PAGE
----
The safety, honour and welfare of your country come first, always and every time. The honor, welfare and comfort of the men you command come next. Your own ease, comfort and safety come last, always and every time.
— Field Marshall Sir Philip Chetwode
Major Gaurav Arya
Chetwode’s immortal words are perhaps the most important thoughts that you are encouraged to imbibe on joining the Indian Military Academy (IMA), Officers Training Academy (OTA) or National Defence Academy (NDA). Importantly, a disproportionately large number of officers live and die by this code. In 2016, the Indian Army lost 86 brave hearts in action. Out of these, 10 were officers. The aim is not to put a rank to a martyr, but to bring home the point that officers comprise less than 3 per cent of the Indian Army. Yet, the rate of casualty is 11.5 per cent. If this is not irrefutable evidence of officers taking the first bullet, nothing is.
The Chief of Army Staff, Gen. Bipin Rawat has spoken. As far as the Indian Army is concerned, the matter rests. Now, let’s do a detailed dissection of the social media’s reaction to the jawan’s videos over the last week. For the past few days, videos of BSF, CRPF and Army jawans have occupied a lion’s share of Indian cyberspace. The nation has been divided into two.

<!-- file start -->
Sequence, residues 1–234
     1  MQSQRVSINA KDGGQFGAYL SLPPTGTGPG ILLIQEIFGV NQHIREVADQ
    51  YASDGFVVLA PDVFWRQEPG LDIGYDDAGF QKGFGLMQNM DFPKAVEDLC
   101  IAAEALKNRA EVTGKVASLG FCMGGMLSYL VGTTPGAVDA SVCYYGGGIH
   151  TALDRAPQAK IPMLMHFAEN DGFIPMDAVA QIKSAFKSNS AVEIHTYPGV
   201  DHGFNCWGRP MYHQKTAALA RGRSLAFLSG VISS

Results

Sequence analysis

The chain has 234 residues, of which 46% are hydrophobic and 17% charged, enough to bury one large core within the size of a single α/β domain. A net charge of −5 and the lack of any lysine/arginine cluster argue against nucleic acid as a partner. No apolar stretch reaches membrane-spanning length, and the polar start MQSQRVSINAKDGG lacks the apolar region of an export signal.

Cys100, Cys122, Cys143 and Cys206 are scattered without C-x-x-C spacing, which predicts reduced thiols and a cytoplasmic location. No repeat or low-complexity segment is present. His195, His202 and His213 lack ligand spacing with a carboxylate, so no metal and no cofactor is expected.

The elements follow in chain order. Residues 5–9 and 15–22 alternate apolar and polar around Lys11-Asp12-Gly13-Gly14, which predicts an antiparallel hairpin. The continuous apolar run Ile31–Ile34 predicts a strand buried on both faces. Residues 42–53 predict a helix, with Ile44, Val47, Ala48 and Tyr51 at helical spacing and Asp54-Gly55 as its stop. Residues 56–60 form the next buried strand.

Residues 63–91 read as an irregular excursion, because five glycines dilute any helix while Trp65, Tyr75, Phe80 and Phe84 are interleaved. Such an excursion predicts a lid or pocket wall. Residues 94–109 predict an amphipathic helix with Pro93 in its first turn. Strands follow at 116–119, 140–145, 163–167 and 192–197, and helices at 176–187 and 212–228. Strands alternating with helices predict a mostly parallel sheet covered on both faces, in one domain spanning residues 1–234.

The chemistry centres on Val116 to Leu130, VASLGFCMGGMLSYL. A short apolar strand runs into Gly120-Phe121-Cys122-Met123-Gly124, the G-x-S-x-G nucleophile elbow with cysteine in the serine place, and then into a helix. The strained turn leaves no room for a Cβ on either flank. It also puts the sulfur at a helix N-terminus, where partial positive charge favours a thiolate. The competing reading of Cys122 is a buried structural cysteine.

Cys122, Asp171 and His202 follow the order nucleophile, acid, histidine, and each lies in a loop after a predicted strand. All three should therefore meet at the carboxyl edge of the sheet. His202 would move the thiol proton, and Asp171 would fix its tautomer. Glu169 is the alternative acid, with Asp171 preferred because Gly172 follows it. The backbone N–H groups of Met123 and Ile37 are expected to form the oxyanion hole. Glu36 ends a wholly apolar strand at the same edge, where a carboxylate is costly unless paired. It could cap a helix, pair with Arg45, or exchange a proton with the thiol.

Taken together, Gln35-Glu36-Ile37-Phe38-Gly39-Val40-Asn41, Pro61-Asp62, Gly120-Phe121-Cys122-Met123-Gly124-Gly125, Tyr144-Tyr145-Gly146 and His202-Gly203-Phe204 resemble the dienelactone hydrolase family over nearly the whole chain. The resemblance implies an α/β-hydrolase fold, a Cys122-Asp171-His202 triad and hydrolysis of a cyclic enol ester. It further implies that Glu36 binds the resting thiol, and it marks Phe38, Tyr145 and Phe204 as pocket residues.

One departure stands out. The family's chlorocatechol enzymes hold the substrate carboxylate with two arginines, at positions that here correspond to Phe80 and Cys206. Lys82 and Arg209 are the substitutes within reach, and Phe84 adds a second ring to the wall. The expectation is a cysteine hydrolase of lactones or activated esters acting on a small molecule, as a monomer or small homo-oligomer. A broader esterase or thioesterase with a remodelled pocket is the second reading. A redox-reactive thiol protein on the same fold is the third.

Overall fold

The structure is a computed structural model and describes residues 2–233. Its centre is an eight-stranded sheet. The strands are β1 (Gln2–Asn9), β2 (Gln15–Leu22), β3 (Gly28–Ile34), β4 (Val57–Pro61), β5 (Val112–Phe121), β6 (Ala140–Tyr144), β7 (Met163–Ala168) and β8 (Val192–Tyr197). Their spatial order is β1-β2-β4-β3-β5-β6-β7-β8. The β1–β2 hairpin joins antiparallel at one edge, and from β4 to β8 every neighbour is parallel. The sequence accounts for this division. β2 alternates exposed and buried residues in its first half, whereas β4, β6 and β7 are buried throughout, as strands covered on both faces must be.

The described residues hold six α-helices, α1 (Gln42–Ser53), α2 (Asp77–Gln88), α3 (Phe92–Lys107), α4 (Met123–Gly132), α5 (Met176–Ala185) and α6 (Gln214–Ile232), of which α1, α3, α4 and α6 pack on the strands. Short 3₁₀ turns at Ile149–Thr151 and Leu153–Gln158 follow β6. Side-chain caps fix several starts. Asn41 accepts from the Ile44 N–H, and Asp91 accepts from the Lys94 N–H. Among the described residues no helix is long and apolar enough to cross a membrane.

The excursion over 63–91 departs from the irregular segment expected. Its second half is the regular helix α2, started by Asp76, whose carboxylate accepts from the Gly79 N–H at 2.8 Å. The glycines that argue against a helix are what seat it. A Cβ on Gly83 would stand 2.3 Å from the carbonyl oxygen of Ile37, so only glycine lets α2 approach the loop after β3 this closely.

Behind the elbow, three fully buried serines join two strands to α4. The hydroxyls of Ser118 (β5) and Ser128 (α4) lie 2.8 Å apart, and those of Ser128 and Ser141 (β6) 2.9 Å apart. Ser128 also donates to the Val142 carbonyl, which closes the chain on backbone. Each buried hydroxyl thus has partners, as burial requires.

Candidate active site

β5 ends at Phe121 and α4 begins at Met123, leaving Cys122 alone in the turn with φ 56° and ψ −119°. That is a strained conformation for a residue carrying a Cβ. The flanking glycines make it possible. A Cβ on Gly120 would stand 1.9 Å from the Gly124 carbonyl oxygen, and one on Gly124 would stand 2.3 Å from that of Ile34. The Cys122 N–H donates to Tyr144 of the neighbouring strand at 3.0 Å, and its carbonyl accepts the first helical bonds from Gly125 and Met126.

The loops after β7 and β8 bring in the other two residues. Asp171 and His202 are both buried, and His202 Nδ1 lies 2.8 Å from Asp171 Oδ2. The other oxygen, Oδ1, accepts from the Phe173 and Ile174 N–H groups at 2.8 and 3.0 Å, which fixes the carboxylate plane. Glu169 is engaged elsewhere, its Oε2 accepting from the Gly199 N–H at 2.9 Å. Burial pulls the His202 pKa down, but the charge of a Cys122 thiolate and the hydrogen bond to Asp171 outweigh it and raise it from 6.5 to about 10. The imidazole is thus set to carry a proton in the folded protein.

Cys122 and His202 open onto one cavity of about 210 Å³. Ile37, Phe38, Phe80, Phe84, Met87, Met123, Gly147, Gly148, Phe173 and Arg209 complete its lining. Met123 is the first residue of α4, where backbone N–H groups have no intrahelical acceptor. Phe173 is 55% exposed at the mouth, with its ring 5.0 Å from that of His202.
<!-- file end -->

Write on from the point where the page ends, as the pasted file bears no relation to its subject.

To those who say that the jawans are absolutely right and they are oppressed, I have only one thing to say. You are wrong. To those who say that the jawans are lying through their teeth and everything is hunky dory, I have only one thing to say. You too are wrong.
The truth is somewhere in between, and the truth is inconvenient. First, allow me to put things in the correct legal perspective. Border Security Force (BSF), Central Reserve Police Force (CRPF), Indo Tibetan Border Police (ITBP), Sashastra Seema Bal (SSB) and Central Industrial Security Force (CISF) are not para-military forces. They are Central Armed Police Forces (CAPF), also known as Central Police Organisations. Structurally and administratively, they have nothing to do with the Indian Army. In certain conditions and environments, they may function under command of the Indian Army.
The Indian Army is an Armed Force of the Union. The other Armed Forces of the union are the Indian Navy and the Indian Air Force. They functionally operate under the Defence Ministry.
CAPFs are under the operational control of the Union Home Ministry. The ethos, training, function, administration, structure, capabilities, range of deliverables and equipment of the Armed Forces and the CAPFs are different and separate. This is not to say that the CAPF’s work is any less dangerous or worthy of praise. They are perhaps as important as the Armed Forces. But they are not the Armed Forces of the Union of India.